"Harry Potter" e-books enhanced for Apple devices Text and an illustration from "Harry Potter and the Chamber of Secrets" are displayed on an iPad, Wednesday, Sept. 30, 2015, in New York. The J.K. Rowling books are being released with animated or interactive illustrations, but only through Appleā€™s iBooks Store and require the use of an Apple mobile device or a Mac computer. (AP Photo/Mark Lennihan)
"Harry Potter" e-books enhanced for Apple devices
Lexile

You don't need to be a wizard to see the "Harry Potter" books come to life.
 
The seven books are getting a makeover with more than 200 new illustrations in enhanced e-books made for Apple devices. More than half of the illustrations are animated or interactive. They include such touches as a golden snitch from Quidditch matches flying away as you tap it on the screen. Series creator J.K. Rowling also goes deeper into some of the characters and story lines, with a handful of pop-up comments.
 
The editions were released Oct. 8. They are limited to Apple's iBooks Store. They require an Apple Inc. mobile device or a Mac computer to read. For other devices, including Amazon's Kindle, standard electronic editions are available. They can be obtained through Rowling's Pottermore site.
 
The makeover offers readers a new way to engage with the story. It also gives Rowling and her publishers a chance to resell these best-selling books. The last one came out eight years ago. It's similar to Hollywood releasing the same movies in new formats and with bonus materials.
 
While the illustrations are new and exclusive to the enhanced editions, Rowling's comments aren't necessarily so. Rowling has been regularly posting new essays on Pottermore. She has traced Harry's roots to a 12th-century wizard and has written about the origins of an invisibility cloak that appears throughout the series. Rowling has also written additional books. They include "The Tales of Beedle the Bard." It's a children's book that was referenced in the last "Harry Potter" book.
 
Until recently, the Pottermore site also had a game that took readers through the books chapter-by-chapter. It had riddles and other discoveries along the way. That game included clips from the "Harry Potter" movies. The new e-books do not.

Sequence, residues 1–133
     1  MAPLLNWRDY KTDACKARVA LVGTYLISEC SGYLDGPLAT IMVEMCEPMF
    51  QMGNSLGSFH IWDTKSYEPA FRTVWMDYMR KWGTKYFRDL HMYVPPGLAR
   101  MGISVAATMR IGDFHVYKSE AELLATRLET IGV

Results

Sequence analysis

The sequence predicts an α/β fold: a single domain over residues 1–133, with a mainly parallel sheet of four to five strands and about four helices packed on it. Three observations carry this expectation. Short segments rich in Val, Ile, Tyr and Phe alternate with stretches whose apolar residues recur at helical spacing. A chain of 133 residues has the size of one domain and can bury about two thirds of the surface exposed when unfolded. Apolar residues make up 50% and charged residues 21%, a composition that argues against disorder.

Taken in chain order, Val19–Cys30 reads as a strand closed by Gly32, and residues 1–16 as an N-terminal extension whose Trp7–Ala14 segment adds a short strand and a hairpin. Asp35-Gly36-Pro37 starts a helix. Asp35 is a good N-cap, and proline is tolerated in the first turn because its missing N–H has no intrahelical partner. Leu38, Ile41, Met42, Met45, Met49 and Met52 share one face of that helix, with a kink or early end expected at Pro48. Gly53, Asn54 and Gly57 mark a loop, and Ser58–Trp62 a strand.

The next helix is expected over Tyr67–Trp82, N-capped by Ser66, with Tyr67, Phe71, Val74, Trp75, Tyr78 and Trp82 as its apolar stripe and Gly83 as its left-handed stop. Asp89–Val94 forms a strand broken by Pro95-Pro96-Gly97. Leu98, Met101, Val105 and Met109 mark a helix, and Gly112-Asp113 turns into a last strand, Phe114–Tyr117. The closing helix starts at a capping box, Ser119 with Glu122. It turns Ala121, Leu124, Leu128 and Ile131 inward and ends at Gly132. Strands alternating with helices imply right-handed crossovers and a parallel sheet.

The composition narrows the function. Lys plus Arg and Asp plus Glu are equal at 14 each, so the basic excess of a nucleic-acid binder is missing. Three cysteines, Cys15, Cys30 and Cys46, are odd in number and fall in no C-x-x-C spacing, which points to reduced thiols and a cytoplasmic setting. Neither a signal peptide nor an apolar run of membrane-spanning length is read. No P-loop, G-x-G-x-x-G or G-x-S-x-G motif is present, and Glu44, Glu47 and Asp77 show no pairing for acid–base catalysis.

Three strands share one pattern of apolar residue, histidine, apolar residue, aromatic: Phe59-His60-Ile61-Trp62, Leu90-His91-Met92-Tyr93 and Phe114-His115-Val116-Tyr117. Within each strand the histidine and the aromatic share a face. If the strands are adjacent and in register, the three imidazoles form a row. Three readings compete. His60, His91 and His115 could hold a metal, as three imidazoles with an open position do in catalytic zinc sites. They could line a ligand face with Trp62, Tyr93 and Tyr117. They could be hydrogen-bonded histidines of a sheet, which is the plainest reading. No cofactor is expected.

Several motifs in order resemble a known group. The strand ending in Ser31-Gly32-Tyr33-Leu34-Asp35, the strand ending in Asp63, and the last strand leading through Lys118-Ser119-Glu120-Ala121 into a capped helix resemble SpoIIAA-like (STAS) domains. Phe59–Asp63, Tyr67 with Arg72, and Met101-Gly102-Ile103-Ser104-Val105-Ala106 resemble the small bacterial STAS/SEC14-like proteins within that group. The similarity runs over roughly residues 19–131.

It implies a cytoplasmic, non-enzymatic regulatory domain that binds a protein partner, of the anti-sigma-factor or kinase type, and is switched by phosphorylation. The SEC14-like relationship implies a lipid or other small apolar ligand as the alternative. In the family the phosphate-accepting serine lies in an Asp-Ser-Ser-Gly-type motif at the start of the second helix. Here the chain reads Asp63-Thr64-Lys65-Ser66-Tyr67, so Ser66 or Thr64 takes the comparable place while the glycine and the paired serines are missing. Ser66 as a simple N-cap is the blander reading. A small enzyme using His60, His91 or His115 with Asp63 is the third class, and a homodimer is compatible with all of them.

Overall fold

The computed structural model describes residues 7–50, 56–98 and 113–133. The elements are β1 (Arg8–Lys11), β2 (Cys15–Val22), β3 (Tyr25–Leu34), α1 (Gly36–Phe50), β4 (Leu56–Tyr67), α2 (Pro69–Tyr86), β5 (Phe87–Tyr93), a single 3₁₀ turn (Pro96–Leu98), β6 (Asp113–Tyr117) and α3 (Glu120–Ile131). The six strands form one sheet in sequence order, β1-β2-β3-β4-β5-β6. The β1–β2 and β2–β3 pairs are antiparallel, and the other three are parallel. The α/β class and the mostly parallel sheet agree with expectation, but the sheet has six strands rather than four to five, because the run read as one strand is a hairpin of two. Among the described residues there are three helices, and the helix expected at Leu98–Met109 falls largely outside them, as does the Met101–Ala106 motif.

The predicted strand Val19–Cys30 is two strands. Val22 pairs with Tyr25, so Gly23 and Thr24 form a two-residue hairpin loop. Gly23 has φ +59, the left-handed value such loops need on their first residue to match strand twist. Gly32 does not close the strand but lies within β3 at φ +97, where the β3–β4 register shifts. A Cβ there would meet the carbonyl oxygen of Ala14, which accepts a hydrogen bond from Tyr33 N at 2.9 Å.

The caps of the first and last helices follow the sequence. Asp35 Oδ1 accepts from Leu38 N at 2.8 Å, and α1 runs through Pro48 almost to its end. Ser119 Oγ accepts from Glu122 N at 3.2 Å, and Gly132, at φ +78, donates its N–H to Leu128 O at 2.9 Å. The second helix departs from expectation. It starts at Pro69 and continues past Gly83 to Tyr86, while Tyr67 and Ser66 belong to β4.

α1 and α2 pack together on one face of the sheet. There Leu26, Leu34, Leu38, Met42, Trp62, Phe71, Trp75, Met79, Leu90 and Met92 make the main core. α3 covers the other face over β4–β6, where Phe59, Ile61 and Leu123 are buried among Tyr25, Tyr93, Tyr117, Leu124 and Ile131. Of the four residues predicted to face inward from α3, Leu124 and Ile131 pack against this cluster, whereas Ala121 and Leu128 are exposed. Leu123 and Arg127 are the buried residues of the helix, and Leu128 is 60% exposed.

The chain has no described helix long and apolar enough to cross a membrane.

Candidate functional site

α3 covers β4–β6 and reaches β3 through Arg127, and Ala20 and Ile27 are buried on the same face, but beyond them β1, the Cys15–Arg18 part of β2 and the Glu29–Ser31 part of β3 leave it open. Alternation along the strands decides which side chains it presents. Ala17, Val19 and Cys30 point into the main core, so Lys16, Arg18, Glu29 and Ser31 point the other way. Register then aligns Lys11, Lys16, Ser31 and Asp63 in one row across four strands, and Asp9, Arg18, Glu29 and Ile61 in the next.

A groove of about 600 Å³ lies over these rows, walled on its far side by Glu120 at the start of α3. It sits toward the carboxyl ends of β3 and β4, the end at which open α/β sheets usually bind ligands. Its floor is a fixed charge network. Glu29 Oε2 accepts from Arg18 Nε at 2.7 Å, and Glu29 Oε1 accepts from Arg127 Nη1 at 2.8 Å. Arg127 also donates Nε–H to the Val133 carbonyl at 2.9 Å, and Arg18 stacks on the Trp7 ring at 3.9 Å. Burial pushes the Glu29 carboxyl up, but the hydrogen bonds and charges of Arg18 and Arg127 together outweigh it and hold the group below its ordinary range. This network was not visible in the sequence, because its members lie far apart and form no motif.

Instead, the new editions offer full-color illustrations and animation from Pottermore artists.
 
In one animation, you see multiple letters fly in through the fireplace with news of Harry's acceptance to Hogwarts wizardry school. In another, an owl, a cat and the fog come to life on Platform 9 3/4. That's where a Hogwarts-bound train awaits. On the train, you see landscape moving by through a window.
 
In one scene of a feast, you can slide left and right to see the rest of a long table covered with food. It's not obvious which illustrations are interactive. The idea is to get readers to explore.
 
There's no sound, though. When Harry's friend, Ron, gets an angry audio letter from his mother, you see steam coming out. But you don't hear her screaming, as you do in the movie.
 
You can access Rowling's additional materials by tapping a quill icon embedded in the text. For instance, you learn how students arrived at Hogwarts before train service began. Some rode on broomsticks. But that was tough with trunks and pets to bring along.
 
There aren't many comments, though. You get more backstory at the Pottermore site. But you need the e-books for the full text.
 
The books also get new digital covers to showcase each book's theme. For instance, there are serpents for the second book. Artists also designed a new font with each letter including a lightning bolt. It is in the shape of a scar on Harry's forehead. This font is named Fluffy for the three-headed dog in the first book. It is used for the opening letter of each chapter.
 
The books cost $10 each, or $70 for the series. There's no discount if you already own standard electronic editions. English editions are available in the U.S. and 31 other markets right away. Editions in French, German and Spanish are coming Nov. 9.

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CRITICAL THINKING QUESTION
Why might J. K. Rowling feel the need to add to Harry?
Write your answers in the comments section below


COMMENTS (77)
  • brookem-1-bar
    10/20/2015 - 01:13 a.m.

    She felt the need to add Harry because she wanted to resell her books for more money and fame.

    I thought it was cool that JK Rowling would resell the book with interactive stuff coming from and e-book.

  • TehyaWhite-Ste
    10/20/2015 - 08:28 a.m.

    I think this is all about marketing. She sees that interest may be starting to die and so she finds a way to add something new to spark new interest.

  • morgangracec-haw
    10/20/2015 - 08:30 a.m.

    J.K.Rowling feels the need to add to Harry because people are not having enough detail. J.K Rowling is making more detail in Harry so people will have more interested.

  • andersons-gra
    10/20/2015 - 02:16 p.m.

    I think $10 is a little to much. But I like to harry potter series.

  • matthewv-1-gra
    10/20/2015 - 05:47 p.m.

    Because he doesn't want to disappoint fans.

  • alexisw-1-gra
    10/20/2015 - 07:41 p.m.

    So the story can keep going because it was such a good series.

  • graemej-gra
    10/20/2015 - 08:38 p.m.

    All they need is to add a new book to the series.

  • kates-gra
    10/21/2015 - 10:25 a.m.

    J.K. Rowling feels the need to add to Harry because people are thinking it's dull.

  • amelieb-gra
    10/21/2015 - 10:26 a.m.

    I like that they're not giving up on Harry Potter.

  • amikai-ogg
    10/21/2015 - 01:05 p.m.

    I think she need to add Ron and Hermione. Like their background,family,hobby and how they got the letter to Howgarts

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